Monday July 24, 2023

Environmental Protection Agency

Today, the U.S. Environmental Protection Agency (EPA) released the draft Herbicide Strategy for public comment, a major milestone in the Agency’s work to protect federally endangered and threatened (listed) species from conventional agricultural herbicides. The Strategy describes proposed early mitigations for more than 900 listed species and designated critical habitats to reduce potential impacts from the agricultural use of these herbicides while helping to ensure the continued availability of these important pesticide tools.

“Ensuring safe use of herbicides is an important part of EPA’s mission to protect the environment,” said Deputy Assistant Administrator for Pesticide Programs for the Office of Chemical Safety and Pollution Prevention Jake Li. “This strategy reflects one of our biggest steps to support farmers and other herbicide users with tools for managing weeds, while accelerating EPA’s ability to protect many endangered species that live near agricultural areas.”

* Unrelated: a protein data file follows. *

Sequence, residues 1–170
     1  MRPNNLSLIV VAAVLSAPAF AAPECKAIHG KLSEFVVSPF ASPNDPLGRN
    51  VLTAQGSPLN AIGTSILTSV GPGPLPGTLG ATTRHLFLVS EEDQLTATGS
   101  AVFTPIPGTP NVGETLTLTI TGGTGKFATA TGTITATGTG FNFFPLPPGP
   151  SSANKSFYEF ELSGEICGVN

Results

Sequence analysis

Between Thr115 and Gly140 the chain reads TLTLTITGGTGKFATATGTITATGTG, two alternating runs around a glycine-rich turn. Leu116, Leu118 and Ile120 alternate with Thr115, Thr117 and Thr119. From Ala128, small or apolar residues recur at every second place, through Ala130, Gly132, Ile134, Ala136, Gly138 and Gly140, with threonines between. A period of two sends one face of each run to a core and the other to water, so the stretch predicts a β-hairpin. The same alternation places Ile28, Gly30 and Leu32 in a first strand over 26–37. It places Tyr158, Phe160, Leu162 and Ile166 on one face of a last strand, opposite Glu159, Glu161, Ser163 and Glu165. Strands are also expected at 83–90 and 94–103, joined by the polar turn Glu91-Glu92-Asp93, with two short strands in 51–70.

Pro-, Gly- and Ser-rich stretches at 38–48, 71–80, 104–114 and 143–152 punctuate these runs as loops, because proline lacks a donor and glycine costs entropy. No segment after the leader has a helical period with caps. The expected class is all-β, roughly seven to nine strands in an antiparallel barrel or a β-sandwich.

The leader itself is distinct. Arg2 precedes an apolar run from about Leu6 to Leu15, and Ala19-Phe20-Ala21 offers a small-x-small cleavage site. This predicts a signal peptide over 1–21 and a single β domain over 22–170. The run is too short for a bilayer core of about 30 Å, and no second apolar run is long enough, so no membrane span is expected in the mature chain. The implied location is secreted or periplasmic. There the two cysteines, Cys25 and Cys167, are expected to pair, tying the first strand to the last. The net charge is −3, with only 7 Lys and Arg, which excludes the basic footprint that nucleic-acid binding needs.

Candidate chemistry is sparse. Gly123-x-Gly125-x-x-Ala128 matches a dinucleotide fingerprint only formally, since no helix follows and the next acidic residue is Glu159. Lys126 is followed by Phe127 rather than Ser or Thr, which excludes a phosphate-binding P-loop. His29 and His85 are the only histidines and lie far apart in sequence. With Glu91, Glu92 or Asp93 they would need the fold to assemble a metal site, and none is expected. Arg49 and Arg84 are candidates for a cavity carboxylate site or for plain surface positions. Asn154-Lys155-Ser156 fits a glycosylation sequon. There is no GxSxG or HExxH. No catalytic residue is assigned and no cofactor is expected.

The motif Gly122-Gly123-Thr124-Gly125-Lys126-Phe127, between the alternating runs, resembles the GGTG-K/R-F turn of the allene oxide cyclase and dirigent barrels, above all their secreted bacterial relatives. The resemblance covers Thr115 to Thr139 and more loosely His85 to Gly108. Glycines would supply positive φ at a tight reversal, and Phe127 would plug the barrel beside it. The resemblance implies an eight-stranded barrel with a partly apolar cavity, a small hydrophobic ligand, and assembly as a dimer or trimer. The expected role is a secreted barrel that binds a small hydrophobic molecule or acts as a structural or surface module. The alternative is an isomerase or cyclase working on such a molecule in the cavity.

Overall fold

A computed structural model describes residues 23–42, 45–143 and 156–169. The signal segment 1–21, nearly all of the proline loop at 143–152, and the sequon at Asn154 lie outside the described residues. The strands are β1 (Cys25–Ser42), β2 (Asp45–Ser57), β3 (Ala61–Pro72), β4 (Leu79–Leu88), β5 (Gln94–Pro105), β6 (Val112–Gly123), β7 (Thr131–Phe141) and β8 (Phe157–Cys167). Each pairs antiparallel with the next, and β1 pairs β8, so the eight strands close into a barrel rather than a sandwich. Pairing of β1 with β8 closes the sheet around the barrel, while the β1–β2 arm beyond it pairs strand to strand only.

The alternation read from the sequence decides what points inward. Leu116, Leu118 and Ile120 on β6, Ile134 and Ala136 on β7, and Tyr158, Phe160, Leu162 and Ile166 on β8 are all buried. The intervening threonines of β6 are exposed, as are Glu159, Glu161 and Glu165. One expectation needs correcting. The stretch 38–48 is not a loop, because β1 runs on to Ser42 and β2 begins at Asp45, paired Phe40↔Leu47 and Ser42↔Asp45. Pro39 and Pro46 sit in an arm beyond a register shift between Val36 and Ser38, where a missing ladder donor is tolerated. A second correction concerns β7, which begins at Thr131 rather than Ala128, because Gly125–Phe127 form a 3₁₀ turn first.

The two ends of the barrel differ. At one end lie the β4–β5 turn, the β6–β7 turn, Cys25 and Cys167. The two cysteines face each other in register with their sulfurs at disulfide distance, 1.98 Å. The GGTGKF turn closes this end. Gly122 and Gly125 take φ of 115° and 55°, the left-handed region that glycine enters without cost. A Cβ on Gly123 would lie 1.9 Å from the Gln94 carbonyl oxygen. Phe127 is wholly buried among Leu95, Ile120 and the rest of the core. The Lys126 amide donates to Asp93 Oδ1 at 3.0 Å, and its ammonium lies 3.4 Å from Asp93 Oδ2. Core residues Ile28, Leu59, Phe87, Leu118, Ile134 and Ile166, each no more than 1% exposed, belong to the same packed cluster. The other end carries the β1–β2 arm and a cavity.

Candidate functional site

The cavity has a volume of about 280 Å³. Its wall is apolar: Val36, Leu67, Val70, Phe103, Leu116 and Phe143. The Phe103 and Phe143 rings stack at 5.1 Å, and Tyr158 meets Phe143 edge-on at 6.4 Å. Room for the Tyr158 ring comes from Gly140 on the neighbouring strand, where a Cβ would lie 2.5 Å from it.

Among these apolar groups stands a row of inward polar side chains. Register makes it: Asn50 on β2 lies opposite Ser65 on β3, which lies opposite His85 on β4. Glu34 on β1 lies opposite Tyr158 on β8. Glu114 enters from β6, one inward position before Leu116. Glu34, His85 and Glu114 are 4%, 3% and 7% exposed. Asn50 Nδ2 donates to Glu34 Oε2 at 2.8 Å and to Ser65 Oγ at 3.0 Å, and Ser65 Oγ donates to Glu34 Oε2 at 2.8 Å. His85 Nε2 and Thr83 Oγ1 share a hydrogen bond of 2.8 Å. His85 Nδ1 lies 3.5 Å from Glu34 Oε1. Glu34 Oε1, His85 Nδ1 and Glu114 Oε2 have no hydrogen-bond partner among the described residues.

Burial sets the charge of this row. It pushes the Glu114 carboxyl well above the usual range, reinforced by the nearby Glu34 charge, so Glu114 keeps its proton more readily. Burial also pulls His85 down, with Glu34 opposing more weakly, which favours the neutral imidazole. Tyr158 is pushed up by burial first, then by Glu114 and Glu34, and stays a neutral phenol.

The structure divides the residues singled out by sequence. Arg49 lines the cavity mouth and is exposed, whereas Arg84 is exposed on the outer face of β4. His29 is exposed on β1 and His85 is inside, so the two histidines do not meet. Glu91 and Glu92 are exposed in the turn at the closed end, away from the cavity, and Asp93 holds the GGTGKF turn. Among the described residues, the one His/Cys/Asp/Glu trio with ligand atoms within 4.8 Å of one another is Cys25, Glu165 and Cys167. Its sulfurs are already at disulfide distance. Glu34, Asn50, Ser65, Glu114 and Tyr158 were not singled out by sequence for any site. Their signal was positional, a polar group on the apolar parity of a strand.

The Strategy released today is part of EPA’s ongoing efforts to develop a multichemical, multispecies approach to meeting its obligations under the Endangered Species Act (ESA). EPA’s traditional chemical-by-chemical, species-by-species approach to meeting these obligations is slow and costly.  As a result, EPA has completed its ESA obligations for less than 5% of its actions, creating legal vulnerabilities for the Agency, increased litigation, and uncertainty for farmers and other pesticide users about their continued ability to use many pesticides. The Strategy — which is primarily designed to provide early mitigations that minimize impacts to over 900 listed species — is one of EPA’s most significant proposals to help overcome these challenges.

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